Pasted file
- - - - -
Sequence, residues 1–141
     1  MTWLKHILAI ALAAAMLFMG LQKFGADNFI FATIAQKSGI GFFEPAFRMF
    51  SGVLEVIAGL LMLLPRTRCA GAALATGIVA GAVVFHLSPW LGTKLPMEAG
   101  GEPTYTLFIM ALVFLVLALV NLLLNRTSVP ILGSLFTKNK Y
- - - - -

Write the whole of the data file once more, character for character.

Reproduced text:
Sequence, residues 1–141
     1  MTWLKHILAI ALAAAMLFMG LQKFGADNFI FATIAQKSGI GFFEPAFRMF
    51  SGVLEVIAGL LMLLPRTRCA GAALATGIVA GAVVFHLSPW LGTKLPMEAG
   101  GEPTYTLFIM ALVFLVLALV NLLLNRTSVP ILGSLFTKNK Y